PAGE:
Created: 04/16/2014 2:14 PM WHEC.com
By: Associated Press
The former chief adviser to Republican Gov. George Pataki is considering a run for New York attorney general and courting potential backers, state party officials said Wednesday.
John Cahill, one-time chief of staff to Pataki and former state conservation commissioner, is expected to decide in the next several days whether to challenge incumbent Democrat Eric Schneiderman.
Cahill's meeting with state GOP leaders last weekend in Buffalo and other meetings around the state went well, party spokesman David Laska said. Party Chairman Ed Cox is encouraging him to run, but it's ultimately a personal decision, Laska said.
"His reception at the screenings around the state has been tremendous," Laska said. "He would bring ethics and common sense to the attorney general's office."
Cahill has been talking to party officials and people who might help support the campaign, spokesman David Catalfamo said Tuesday. He called the 55-year-old attorney's efforts "exploratory." He declined further comment Wednesday.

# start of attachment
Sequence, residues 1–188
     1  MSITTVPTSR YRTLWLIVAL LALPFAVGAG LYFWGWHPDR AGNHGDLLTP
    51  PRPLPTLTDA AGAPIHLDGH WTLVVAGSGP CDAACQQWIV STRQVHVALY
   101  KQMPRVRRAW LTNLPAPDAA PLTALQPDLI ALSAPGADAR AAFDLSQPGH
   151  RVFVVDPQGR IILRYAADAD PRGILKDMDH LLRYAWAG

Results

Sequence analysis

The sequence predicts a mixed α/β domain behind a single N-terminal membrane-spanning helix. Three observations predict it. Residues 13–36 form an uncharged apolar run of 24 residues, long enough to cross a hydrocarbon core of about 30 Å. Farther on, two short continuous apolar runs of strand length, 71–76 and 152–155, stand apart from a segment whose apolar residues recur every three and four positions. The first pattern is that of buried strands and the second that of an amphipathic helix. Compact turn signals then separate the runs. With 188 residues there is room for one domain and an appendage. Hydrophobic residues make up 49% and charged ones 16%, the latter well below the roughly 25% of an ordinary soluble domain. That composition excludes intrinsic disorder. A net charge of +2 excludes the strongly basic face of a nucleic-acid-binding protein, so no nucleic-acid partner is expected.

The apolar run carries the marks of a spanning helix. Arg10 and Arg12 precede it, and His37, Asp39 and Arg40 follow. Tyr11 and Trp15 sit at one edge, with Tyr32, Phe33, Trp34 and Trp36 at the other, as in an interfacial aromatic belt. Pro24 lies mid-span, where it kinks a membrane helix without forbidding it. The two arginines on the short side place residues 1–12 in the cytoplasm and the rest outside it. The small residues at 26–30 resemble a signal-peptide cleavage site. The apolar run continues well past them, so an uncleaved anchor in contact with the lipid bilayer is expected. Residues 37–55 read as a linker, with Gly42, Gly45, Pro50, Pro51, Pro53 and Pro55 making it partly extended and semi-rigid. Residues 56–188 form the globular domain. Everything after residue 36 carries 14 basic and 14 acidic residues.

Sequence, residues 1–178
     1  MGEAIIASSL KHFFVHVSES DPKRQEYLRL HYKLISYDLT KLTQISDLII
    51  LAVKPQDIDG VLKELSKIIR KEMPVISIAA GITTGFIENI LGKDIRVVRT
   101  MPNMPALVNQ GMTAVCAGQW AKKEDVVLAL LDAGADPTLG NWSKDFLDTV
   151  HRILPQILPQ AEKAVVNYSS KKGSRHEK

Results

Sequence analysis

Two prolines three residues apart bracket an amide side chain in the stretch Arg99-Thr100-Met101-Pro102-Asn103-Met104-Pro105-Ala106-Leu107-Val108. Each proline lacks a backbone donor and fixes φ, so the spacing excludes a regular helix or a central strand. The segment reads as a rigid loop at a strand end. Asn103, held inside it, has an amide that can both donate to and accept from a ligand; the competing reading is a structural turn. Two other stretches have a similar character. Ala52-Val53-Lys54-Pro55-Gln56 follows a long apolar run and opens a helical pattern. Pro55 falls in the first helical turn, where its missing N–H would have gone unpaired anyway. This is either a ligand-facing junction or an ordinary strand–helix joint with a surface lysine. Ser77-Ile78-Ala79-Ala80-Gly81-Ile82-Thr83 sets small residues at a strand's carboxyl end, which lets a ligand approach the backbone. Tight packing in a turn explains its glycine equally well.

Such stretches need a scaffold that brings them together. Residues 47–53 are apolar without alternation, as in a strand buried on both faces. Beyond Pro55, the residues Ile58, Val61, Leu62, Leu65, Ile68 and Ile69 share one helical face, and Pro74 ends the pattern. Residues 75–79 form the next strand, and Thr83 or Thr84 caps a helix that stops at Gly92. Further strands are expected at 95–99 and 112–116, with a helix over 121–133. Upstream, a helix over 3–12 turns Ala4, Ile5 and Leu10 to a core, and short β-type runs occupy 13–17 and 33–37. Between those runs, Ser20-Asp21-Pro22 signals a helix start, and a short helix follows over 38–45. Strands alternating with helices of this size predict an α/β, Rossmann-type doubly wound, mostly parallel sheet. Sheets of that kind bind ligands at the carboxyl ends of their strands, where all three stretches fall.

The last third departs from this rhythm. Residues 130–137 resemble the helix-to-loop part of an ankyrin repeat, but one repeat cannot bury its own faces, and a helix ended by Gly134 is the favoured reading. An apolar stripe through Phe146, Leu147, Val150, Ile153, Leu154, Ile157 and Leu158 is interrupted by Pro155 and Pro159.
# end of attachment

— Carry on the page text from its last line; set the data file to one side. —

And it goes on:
With a staff of more than 600 lawyers, the attorney general's office defends the state in lawsuits, protects consumers, files civil suits, monitors charities and sometimes conducts investigations and prosecutions.
Cahill and Pataki founded a consulting group on energy and environmental issues. Both are listed as counsel with the Chadbourne & Parke law firm in Manhattan.
Pataki was governor from 1995 to 2006. Cahill was general counsel then commissioner of the state Department of Environmental Conservation from 1995 to 2001. He was Pataki's secretary and chief of staff from 2002 to 2006.
Schneiderman, 59, an attorney and former state senator from Manhattan, was elected attorney general four years ago, beating the Republican candidate, Staten Island District Attorney Dan Donovan.
He had nearly $6 million on hand for his re-election bid in January, according to campaign filings.
As attorney general, Schneiderman has established a new taxpayer protection bureau, expanded the Medicaid fraud unit, began joint investigations with the state comptroller's office and has taken a lead role in national civil settlements with major over improper mortgage foreclosures and faulty mortgage-backed securities.